People in power get to write history. This was heard at Good Hope Seminary High School’s inclusivity summit on Saturday May 4.
The inclusivity summit, held every term at the school, aims to tackle pertinent issues such as race, sexual orientation, gender, mass hyper-masculinity, albinism, and spatial injustices within the city.
At this term’s inclusivity summit, pupils from the City Bowl schools and across the peninsula tackled the issue of power, privilege and social justice.
Head of Education at the District Six Museum, Mandy Sanger, facilitated the summit, teaching young people how power and privilege get to be maintained by those benefiting.
Ms Sanger said it was vital to engage on such issues with young people because they will inherit this country.
“If the young people from formerly disadvantaged communities who are now in Model C schools don’t find a way to communicate with people in working-class communities, then the future is going to be diminished because they then become the new force that excludes others,” she said.
She said it’s important that young people across all religions, races, language groups, classes and gender begin to see the power that they have through ideas by re-imagining themselves.
Ms Sanger said we only look at each other through the lens of race, but there are other ways we can find to reshape our society.
“They have a lot of power to reshape where the society is going. It all depends on them whether they want to be greedy and not share the wealth, whether they want to continue the pattern of excluding others and repeat what the older generation did, they will spoil their own future,” she said.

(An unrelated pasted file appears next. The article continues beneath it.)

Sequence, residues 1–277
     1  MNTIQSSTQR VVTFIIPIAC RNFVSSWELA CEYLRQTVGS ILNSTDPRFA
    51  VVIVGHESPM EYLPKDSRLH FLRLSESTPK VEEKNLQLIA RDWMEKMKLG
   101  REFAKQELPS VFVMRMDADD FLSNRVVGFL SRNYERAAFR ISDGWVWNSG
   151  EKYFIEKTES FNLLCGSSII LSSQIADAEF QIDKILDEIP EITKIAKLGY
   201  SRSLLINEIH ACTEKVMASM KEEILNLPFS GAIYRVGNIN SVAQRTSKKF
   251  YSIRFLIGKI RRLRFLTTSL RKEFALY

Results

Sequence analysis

She told the young minds that people in power didn’t always rule through force.
“They would take people and make them chosen and better slaves, where people had more benefits than the other slaves.”
She said the government could shape power and privilege.
Pupils learnt to put themselves in other people’s shoes, during group discussions.
They also discussed how history had distributed power and privilege from pre-colonial times into the apartheid era.
Pupils also touched on the institutions and structures that maintained the relation of power and privilege in society and how people have demonstrated their (power and influence) over the years.
Principal Leon Linz said the issues of privilege and power are uncomfortable conversations to have in South Africa and no one wants to talk about them.
He said it was important that young people understand history before we move on.
“For many people such issues evoke pain, and others choose to ignore it and pretend to move forward.
“The beautiful rainbow nation exploded in everyone’s faces. This platform gives us space to find a way forward that is meaningful to everyone,” he said.